Value Based Pricing: How To Attract The Right Type of Customer

I wouldn’t be anywhere near as successful as I am if it wasn’t for nailing value based pricing. 

This is because selling on value attracts customers who respect what I do, and are prepared to pay good money for my services.

The way you position your business is how prospective customers will perceive it. And, more significantly, this perception directly affects the type of customer you’ll attract.

Service providers that sell on price become the cheap option because that’s how they land new business – by undercutting the competition. But, this has consequences.

By charging less they simply can’t deliver as good a service because they’re forced to reduce costs and cut corners. In economics, this is a phenomenon known as the ‘race to the bottom’.

I don’t think anyone sets out to become the bargain basement option, but it happens all the time. 

So, that’s what I’m going to tackle today – positioning your services so you attract the right type of customer and get the best possible price for your work.

Charging what you’re worth is tough

To get paid what you’re worth means positioning what you do as being brilliant.

But, this is easier said than done. It takes a serious amount of courage to set a higher-than-average price tag and a lot of confidence to see it through.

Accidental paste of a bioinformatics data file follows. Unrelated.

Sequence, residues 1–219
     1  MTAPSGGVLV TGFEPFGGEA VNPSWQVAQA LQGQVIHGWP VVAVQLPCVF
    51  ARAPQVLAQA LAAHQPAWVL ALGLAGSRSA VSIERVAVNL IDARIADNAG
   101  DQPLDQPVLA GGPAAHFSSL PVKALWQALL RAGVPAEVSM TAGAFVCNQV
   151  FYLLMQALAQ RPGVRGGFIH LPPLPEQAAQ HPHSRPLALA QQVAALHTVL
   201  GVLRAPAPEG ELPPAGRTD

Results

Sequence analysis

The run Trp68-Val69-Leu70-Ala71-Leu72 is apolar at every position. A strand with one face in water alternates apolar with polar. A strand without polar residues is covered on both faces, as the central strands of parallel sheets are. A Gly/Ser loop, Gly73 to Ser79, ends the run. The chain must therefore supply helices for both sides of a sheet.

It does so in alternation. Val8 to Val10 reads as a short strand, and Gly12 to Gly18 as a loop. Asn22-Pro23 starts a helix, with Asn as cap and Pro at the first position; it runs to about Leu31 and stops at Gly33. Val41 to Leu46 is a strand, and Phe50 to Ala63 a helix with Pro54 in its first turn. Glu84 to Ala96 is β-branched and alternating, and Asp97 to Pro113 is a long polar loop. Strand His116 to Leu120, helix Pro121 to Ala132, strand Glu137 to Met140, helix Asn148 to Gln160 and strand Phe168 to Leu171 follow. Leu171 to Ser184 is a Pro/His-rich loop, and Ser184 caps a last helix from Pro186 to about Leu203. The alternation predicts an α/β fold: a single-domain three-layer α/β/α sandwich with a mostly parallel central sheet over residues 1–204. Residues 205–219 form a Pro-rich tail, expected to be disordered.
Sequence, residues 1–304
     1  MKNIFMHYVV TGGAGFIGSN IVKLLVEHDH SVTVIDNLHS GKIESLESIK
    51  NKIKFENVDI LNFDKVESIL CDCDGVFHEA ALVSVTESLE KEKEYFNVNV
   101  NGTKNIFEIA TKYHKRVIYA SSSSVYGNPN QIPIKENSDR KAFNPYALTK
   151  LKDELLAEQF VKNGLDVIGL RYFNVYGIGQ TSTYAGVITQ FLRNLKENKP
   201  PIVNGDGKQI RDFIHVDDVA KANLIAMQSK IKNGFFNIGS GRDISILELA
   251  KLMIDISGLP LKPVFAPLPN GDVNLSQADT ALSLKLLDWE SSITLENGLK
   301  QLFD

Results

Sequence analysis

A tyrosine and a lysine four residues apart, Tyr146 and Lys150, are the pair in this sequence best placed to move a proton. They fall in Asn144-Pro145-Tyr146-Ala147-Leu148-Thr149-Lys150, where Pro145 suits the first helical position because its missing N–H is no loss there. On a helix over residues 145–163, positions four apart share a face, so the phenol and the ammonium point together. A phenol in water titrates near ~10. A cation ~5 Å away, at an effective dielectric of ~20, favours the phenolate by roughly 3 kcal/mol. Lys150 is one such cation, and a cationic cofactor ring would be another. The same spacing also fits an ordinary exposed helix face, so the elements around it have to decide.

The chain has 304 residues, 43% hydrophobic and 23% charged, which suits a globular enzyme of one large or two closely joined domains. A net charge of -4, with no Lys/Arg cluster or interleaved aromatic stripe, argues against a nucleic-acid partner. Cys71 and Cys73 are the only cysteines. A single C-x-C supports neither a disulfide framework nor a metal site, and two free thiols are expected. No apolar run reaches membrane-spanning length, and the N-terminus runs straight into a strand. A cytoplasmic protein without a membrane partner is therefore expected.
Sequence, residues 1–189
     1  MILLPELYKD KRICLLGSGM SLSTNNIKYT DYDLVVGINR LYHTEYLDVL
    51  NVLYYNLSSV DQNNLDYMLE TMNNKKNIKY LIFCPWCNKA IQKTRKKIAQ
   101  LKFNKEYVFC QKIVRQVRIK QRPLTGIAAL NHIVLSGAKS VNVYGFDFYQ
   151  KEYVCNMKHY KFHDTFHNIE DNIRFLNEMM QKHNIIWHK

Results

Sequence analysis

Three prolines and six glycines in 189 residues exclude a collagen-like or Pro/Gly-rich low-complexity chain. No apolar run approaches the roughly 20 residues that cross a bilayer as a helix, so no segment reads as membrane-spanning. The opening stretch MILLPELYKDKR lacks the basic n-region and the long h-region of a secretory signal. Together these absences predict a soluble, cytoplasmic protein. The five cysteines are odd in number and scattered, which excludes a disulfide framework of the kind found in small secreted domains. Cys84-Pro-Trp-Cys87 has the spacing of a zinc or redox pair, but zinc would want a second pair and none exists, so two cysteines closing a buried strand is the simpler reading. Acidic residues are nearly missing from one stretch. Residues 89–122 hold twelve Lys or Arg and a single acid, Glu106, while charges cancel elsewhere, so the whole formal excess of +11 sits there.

This is because as a result, you will:

  • Lose business;
  • Be labelled as expensive;
  • Have people think you’re not worth it;
  • Need to become a tough negotiator.

It’s hard going, especially in the early days when new business usually equates to survival.

This is why so many people fall into the trap of dropping their prices to win new business, but in doing so, also start winning the wrong race.

Winning the race to the bottom

When you reduce a quote to win over a customer you’re positioning what you offer as the budget option. The problem with this is that it has a knock on effect – you’ll attract cheap clients who focus almost entirely on price rather than value.

People who do this are not on your wavelength and will never become good customers. In fact, they’re often a total pain in the arse.